What Mark believes, and it sounds right to me, is that we have the Administrative State (in which unaccountable and un-elected bureaucrats make important decisions) because Congress wants it that way. For Congress, making the actual policy decisions has more down side than up side. Constituents whose families or businesses are adversely affected will cause a lot of trouble.

Thus, the Administrative State is an adaptation that emerged with the purpose of moving decisions away from a body that is relatively responsive to the people (Congress). You may not like it, but there it is.

There may even be reasons to believe that this adaptation is a feature rather than a bug. That is, you might want decisions to be made by people who have expertise and who are focused on the general interest rather than the particular interests of constituents. This was the view offered by a (non-libertarian) guest speaker at the Cato event.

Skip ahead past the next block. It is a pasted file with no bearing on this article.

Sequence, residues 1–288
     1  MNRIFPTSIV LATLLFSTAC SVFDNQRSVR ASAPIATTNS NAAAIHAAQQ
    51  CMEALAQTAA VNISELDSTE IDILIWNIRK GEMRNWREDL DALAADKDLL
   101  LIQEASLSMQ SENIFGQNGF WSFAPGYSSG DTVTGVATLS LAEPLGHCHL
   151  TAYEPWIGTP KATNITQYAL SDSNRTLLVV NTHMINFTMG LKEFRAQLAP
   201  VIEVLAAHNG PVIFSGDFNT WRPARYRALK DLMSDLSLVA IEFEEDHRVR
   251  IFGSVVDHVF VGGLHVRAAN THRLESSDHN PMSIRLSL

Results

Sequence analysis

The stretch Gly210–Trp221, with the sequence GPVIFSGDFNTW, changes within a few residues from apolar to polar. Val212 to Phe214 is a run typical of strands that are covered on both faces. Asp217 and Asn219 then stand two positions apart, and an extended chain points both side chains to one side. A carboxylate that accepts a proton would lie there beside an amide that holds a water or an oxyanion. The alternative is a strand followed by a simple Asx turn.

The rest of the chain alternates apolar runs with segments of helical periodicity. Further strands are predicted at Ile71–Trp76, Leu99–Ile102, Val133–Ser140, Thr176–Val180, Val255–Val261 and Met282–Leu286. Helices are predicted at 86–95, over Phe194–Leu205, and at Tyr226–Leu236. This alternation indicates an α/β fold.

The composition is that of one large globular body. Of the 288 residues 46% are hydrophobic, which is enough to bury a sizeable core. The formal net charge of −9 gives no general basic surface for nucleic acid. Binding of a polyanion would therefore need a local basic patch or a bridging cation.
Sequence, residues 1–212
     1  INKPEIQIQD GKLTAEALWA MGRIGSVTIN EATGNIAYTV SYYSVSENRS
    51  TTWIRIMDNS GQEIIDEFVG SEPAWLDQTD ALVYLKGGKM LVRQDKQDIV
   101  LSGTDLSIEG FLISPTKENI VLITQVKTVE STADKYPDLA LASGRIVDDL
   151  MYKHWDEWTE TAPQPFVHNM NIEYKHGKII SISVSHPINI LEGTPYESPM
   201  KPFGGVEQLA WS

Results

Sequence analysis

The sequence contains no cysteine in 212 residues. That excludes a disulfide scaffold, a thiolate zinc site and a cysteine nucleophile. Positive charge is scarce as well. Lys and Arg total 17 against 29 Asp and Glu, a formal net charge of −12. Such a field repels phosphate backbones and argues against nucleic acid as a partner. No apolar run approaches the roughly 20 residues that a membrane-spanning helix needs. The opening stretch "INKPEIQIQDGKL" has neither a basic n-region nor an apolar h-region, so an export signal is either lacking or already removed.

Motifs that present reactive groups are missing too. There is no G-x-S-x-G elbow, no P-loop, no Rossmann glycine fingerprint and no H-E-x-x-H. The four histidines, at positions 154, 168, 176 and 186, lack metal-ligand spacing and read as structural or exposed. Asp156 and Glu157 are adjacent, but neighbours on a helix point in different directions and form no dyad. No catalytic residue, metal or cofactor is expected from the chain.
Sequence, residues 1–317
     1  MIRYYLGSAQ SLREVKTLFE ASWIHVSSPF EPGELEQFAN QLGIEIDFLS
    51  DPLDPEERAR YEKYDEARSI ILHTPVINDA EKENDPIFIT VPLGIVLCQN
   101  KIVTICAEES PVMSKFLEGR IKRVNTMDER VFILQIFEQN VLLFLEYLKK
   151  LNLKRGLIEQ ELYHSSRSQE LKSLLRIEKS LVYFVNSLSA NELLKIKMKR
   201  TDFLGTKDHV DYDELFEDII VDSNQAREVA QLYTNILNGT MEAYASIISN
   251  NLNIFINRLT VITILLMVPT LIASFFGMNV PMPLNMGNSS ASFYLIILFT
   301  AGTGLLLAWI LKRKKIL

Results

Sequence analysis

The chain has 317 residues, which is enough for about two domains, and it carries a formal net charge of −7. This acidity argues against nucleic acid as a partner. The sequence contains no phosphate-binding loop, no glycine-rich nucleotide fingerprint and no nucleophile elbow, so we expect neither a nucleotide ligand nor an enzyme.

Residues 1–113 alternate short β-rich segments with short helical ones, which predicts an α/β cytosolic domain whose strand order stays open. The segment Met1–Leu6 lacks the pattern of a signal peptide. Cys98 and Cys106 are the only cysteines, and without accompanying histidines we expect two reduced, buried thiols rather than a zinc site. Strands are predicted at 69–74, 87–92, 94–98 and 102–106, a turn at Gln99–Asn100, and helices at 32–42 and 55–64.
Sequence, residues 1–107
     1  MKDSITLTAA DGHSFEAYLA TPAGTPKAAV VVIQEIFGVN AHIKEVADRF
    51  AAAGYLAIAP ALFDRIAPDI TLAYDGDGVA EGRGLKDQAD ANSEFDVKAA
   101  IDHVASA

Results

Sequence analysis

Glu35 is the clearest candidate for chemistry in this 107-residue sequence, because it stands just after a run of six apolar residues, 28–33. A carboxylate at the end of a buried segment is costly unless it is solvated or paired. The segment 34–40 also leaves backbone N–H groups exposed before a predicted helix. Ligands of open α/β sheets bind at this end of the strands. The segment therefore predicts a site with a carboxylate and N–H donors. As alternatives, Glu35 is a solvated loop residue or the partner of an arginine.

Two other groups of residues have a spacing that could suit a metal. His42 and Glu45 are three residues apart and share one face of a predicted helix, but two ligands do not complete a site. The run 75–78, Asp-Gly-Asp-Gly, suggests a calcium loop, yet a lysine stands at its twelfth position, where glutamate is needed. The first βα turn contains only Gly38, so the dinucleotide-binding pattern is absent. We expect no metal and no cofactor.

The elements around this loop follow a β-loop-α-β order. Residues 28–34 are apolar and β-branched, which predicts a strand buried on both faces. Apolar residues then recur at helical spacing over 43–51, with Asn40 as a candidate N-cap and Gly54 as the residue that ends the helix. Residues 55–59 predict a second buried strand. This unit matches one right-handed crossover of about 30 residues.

If what you want is an organization that is accountable to its constituency, then I would argue that you want is a market process rather than a government process. While the government process adapts to diffuse accountability, the market process forces businesses to be accountable to their customers.

In the 1980s and 1990s, many American businesses discovered that their bureaucracies were undermining the firm’s responsiveness to its customers. Under competitive pressure, businesses reformed by adopting “business process re-engineering” and other management tools to ensure a better customer experience. Prior to this wave of reform, a customer’s problems would get buried in the corporate bureaucracy, with no one taking responsibility for finding a solution. Following these reforms, customers encountered businesses that were capable of solving problems, and better yet, anticipating the customer’s wants and avoiding causing problems in he first place.

Government agencies are capable of making these sorts of organizational changes. The guest speaker cited the passport office of the State Department as having become much more responsive in recent years. In side conversations afterward, a couple of Cato folks admitted that the infamous Department of Motor Vehicles in DC is better than it was twenty years ago. But I think you get improvement more rapidly and more reliably when there is market competition.